Therapies and Approaches Effective for Co-occurring Conditions

Several therapeutic approaches have been found effective for treating co-occurring BDD and substance use disorders:

  • Cognitive Behavioral Therapy (CBT): Cognitive Behavioral Therapy can help individuals recognize and challenge the negative thought patterns associated with BDD. It can also equip them with skills to resist the urge to use substances.
  • Exposure and Response Prevention (ERP): ERP involves exposing the person to their body image fears. This teaches them to refrain from compulsive behaviors such as repeatedly checking their appearance or using substances to cope.
  • Medication: Certain antidepressants, especially selective serotonin reuptake inhibitors (SSRIs), have shown effectiveness in treating BDD. When used in conjunction with therapies, they can also assist in the treatment of substance use disorders.
  • Group Therapy: Participating in group therapy sessions can offer support and understanding from peers experiencing similar challenges. It fosters a sense of community and shared healing.
  • Holistic Approaches: Techniques such as mindfulness, meditation, and yoga can be incorporated into the treatment plan. This is to address the emotional and psychological aspects of both conditions.

To achieve long-term recovery, it’s crucial to seek a facility of professionals experienced in handling Dual Diagnosis. This ensures a comprehensive and nuanced approach to healing.

A first person point of view of a person standing on a beach with their hands in front of them holding out a cutout of the word hope with sunlight shining on it at sunset.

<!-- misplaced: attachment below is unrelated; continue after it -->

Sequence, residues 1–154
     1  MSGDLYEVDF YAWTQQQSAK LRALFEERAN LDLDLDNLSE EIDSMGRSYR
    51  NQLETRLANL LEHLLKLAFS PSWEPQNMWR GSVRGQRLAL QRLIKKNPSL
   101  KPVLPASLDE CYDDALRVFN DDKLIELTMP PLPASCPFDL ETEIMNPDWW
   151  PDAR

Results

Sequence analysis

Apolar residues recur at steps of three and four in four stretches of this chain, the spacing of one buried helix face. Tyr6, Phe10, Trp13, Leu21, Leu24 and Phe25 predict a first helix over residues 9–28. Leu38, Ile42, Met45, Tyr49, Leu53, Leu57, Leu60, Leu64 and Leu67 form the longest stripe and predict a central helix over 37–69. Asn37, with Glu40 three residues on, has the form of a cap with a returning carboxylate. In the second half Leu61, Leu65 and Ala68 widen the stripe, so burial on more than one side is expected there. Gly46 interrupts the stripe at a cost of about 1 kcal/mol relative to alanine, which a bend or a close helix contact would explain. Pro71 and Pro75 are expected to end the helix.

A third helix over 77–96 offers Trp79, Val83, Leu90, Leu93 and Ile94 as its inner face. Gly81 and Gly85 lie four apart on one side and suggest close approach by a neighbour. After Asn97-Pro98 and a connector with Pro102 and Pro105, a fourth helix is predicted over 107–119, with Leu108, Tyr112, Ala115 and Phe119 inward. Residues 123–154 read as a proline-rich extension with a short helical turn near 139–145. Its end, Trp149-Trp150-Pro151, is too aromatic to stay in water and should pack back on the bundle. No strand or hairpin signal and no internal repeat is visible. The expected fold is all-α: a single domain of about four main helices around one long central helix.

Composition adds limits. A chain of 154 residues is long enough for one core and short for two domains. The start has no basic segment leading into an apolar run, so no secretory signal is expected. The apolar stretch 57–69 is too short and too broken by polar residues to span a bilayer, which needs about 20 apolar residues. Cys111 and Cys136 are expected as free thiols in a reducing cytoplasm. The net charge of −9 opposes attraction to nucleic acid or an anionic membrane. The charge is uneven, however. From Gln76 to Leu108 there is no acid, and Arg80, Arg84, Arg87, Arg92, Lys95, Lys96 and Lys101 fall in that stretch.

How Retreat at Sky Ridge Can Help

Retreat at Sky Ridge is more than just a treatment facility. It’s a sanctuary for individuals seeking to heal and rediscover themselves. At the heart of our mission is a commitment to holistic recovery

We believe that for genuine healing to occur, all facets must be nurtured. This means we don’t just focus on alleviating symptoms but strive to address the root causes of disorders.


Body Dysmorphic Disorder is more than just a concern about appearance. It’s a deep-rooted psychological challenge that can have crippling effects on an individual’s quality of life. When coupled with substance abuse, the complexities multiply, amplifying the pain and suffering experienced by those affected. Recognizing the profound link between BDD and substance abuse is the first step towards a comprehensive solution.

Yet, in the face of these challenges, there is undeniable hope. Comprehensive treatment approaches, like those offered at Retreat at Sky Ridge, have proven transformative. These programs not only target the symptoms but delve deep into the root causes. 

If you or someone you care about is wrestling with these intertwined conditions, remember that you’re not alone. Help is available, and it can make all the difference. 

Don’t let another day go by under the shadow of substance abuse. Reach out to Retreat at Sky Ridge and take the first step towards a brighter, healthier tomorrow.

For more information on addiction treatment services, please give us a call at (877) 693-6010 or complete or short inquiry form at the bottom of this page.

adapt & transform. overcome.

If you or someone
you know needs help,
contact us.

Get started today! Ask a question, inquire about insurance benefits, or request that someone from the admission's team contact you. Complete the short form or call us anytime at (877) 693-6010.

Fill out my online form.